Recently my girlfriend and I spent a few days camping at one of the best provincial parks in Canada – Algonquin Park.
We ended up staying at the Pog Lake Campground because it was closer to the all the hiking trails in the area.
If you’re not backcountry camping or portaging then hiking is the next best thing when it comes to experiencing everything that Algonquin Park has to offer.
After hiking the Mizzy Lake Trail on our previous trip we knew that the Centennial Ridges Trail wouldn’t be a problem even though it’s known as one of the hardest day-trails in the park.
At Mizzy Lake we saw a moose jump into the water only 50 feet ahead of us and saw a ton of evidence that wildlife was abundant in the area.
There was bear and wolf scat everywhere, and a bunch of their footprints as well.
We were hoping to see some good wildlife on the Centennial Ridges Trail as its quite long and winds through a remote area of the park.
The trailhead is located between KM marker 37 and 38.
If you’re driving towards Whitney the entrance will be on your right.
You have to drive about 1 KM down a dirt road so make sure your car can handle hard-packed gravel and some steep climbs.
After parking the car we grabbed our bug spray, some snacks, a few water bottles, and headed out into the woods.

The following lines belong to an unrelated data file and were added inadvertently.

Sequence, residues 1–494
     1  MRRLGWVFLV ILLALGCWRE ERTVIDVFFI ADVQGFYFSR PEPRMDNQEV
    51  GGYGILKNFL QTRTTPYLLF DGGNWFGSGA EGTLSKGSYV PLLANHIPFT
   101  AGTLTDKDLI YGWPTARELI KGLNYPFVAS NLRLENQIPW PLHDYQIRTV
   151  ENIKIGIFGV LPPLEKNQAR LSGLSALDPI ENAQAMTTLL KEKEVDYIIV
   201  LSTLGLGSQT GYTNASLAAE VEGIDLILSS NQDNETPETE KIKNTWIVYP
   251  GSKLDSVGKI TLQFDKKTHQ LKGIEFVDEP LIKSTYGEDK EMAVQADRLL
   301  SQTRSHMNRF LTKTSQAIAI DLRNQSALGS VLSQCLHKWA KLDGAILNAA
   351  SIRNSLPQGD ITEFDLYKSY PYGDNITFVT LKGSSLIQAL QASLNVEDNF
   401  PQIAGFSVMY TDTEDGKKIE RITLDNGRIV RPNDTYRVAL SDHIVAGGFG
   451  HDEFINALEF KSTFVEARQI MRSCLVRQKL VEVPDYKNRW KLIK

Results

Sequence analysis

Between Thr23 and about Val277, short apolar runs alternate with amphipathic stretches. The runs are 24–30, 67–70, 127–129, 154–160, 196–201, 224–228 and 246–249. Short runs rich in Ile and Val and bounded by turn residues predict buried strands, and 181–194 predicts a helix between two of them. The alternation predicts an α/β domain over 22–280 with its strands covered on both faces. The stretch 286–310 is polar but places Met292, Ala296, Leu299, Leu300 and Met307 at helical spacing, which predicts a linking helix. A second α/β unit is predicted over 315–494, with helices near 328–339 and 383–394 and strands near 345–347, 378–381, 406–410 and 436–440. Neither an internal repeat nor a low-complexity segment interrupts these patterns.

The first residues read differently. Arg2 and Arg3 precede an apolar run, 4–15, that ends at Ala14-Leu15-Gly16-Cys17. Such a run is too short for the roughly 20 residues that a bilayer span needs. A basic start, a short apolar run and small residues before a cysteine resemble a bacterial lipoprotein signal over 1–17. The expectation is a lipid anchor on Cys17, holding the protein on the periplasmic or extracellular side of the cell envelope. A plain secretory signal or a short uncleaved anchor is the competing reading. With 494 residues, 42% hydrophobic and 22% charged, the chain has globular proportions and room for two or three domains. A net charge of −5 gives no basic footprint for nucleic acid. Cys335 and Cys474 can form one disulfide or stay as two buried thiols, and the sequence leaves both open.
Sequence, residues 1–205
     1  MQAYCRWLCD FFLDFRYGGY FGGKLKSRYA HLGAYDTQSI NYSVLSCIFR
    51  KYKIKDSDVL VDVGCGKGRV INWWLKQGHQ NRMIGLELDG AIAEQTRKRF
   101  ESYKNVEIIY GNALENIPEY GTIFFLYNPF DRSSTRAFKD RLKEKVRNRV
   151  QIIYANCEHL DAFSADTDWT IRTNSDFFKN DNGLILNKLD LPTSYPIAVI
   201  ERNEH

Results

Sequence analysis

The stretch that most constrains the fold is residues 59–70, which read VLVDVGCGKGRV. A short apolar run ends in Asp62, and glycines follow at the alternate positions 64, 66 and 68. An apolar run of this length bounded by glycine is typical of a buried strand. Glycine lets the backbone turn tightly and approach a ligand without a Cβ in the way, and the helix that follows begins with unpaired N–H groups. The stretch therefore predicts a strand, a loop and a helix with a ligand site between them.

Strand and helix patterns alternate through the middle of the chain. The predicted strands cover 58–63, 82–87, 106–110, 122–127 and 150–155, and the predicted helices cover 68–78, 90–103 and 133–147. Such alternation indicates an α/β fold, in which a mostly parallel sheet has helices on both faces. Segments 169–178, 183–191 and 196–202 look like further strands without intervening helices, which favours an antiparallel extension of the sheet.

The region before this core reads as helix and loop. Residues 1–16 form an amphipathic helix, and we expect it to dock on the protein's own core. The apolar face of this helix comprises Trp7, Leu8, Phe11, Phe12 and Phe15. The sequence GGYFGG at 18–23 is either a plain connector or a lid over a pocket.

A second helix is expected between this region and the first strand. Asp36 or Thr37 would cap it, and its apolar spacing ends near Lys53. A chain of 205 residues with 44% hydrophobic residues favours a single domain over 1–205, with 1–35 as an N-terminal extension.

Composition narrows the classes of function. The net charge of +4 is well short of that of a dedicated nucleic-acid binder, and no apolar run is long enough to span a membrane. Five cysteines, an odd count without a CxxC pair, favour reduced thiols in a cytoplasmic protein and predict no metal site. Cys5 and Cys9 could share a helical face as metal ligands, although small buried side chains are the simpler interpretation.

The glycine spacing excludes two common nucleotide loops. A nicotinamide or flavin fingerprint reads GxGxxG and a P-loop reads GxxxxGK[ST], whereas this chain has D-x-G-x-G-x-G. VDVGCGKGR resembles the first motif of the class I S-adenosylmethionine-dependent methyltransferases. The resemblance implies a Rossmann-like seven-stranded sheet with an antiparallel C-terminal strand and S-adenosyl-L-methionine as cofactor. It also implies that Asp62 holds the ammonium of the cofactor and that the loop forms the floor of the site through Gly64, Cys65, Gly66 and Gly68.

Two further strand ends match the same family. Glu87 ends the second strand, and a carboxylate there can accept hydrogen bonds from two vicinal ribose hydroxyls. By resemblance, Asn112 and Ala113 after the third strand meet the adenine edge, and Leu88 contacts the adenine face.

Bug spray turned out to be incredibly important as a lot of the trail takes you through lowlands and past lakes and bogs.
I’ve never experienced mosquitoes this bad so I was glad we brought the bug spray.
The sign at the trailhead claims that the trail is 10KM in length but I think it might be a tiny bit longer.
It starts in some beautiful lowlands before bringing you to one of the many steep climbs you’ll experience along the way.
If you simply want to enjoy one of the best views the trail has to offer, go right at the first fork and in 10 minutes you can reach an incredible view.
We planned on doing the whole trail so we went left and were merrily on our way.
After a while we reached one of the many ridges along the trail.
These areas are covered in huge rocks and there can be some very light climbing involved.
The view was incredible and you could see many other ridges out in the distance.
It was the peak of summer so everything was a different shade of green.
There are markers along the trail with numbers on them and if you pick up a book at the trailhead there is some information relevant to each number you come across.
The history of the park, the trail, and information about the wildlife in the area is just some of what you will find in the trail guide.
Once you get to the ridge you’re immediately brought back down into the lowlands.
That’s what this trail is all about.
You’re continuously walking uphill and downhill and enjoying the views along the way.
Right after the great views you’re tossed back into densely packed bush.
It had recently rained so it was very humid and the mosquitos were ridiculous.
I couldn’t even open up my backpack to grab a drink of water without having 50 or so mosquitos flying over everything.
My girlfriend wore a mesh face covering and I wish I had brought one as well.